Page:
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Archive for June, 2011

Last Friday, while up in Mzuzu, I went to my first CLTS triggering.  CLTS (Community Led Total Sanitation) is a method of sanitation promotion that shames communities into better understanding the results of poor sanitation practices and tries to get them to become open defecation free (ODF).  CLTS is the main sanitation related program that EWB works on in Malawi, and we currently have a growing team of people working to promote this tool within the government and the national sanitation policy.  Jolly Ann, Tessa, and Chelsey (the CLTS section of our EWB WatSan team) were in Mzuzu last week for a training session funded by Unicef to get District Officers more interested in CLTS and capable of implementing it in their districts.  There were multiple triggerings being done as part of that workshop, so Duncan and I decided to tag along with our other teammates to see the process first hand.

 

The “triggering” component of CLTS is the first section of a multi-stepped community level process, when facilitators actually go to the community and do an informal workshop with the villagers to increase their understanding of sanitation issues.  They do this while playing off the exercise as a research/learning tool for the practitioners so that the villagers do not get the impression that they are being “taught” something by outsiders.  The triggering usually takes a few hours and involves multiple steps, engaging all members of the community in the learning process (including the children, who play an integral role in identifying locations of open defecation because they are less embarrassed to admit the truth).  The process usually begins by having the community members draw out a map of the village in the dirt, labeling all major landmarks and each of their houses, and then next using maize meal (or some other powder) to identify the areas where people defecate in the village.  Then, the villagers usually walk around to those sites that are named all together (especially those where open defecation is occurring) and a sense of shame occurs within the group.  Afterward, a few other “experiments” are done, including bringing fresh human excrement into the center of the community, placing it next to a plate of fresh cooked food, and having the group watch the way that flies move easily between the two, thereby contaminating the food with fecal matter.  There are a few other similar methods used to disgust the community, but I won’t go into any more detail at the moment.  If you are interested you can read more about the whole process online (http://www.communityledtotalsanitation.org/resource/handbook-community-led-total-sanitation)!  Nonetheless, it is a really interesting and innovative technique for sanitation promotion that has proven to be successful in many countries.  Although I have read a lot about CLTS in the past and heard about it being used in Tanzania, I had never seen a triggering in person–and it worked extremely well.  The community reaction was amazing to watch, and the outcome was nothing less than a total understanding of the need to build better latrines and improve the quality of waste management.  I was very impressed.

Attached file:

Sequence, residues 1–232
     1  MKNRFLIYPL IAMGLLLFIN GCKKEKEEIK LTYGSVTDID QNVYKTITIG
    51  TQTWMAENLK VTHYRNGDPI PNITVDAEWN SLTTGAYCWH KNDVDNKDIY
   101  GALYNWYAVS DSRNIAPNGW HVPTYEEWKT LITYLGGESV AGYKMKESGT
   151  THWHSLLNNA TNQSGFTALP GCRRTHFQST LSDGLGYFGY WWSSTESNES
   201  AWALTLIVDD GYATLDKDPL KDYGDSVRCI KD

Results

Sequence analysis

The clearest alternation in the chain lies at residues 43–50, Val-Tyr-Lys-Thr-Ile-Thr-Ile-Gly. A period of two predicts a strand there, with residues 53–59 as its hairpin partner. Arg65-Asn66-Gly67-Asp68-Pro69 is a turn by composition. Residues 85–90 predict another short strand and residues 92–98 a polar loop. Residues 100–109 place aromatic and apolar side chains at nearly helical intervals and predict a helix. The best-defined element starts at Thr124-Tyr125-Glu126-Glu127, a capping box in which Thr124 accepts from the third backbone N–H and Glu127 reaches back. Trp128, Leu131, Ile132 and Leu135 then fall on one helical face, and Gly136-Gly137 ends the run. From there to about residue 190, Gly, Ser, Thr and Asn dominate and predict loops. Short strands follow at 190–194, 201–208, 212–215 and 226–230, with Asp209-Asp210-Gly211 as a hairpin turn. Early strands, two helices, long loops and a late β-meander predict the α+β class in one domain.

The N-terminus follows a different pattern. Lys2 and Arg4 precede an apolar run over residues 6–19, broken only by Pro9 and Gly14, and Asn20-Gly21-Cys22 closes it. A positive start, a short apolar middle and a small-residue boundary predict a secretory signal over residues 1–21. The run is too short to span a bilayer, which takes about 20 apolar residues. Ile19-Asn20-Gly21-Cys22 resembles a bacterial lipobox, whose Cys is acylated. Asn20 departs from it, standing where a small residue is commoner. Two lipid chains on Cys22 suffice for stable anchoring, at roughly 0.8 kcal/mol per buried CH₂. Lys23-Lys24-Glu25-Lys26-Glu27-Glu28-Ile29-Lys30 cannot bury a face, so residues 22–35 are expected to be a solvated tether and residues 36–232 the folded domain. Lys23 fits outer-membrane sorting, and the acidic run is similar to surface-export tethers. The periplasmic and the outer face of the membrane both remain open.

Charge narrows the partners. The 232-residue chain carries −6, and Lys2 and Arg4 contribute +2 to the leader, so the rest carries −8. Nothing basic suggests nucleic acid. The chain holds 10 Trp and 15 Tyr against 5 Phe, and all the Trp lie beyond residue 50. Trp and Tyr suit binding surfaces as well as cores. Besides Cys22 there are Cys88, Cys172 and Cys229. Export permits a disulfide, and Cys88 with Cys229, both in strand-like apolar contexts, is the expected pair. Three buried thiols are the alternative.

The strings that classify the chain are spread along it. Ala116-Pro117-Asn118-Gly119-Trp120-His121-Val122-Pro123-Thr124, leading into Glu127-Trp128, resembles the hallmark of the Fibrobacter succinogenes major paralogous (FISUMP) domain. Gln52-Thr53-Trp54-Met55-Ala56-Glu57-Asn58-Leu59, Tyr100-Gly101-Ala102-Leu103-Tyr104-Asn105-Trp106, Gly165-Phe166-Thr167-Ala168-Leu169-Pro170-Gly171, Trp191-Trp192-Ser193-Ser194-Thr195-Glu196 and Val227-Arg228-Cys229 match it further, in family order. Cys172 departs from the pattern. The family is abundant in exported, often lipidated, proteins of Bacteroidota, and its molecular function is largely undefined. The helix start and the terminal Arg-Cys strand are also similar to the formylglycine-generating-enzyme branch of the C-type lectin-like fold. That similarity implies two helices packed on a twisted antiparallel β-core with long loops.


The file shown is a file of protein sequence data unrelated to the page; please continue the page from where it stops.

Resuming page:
After the triggering, Duncan and I had a very exciting Friday night in Mzuzu… consisting of cooking omelets for dinner (thrown together with whatever food was available at his place), drinking boxed wine, and taking a first stab at the new Knowledge Management System for our WatSan team.  Nothing like a weekend evening spent brainstorming database options and writing code in excel!! haha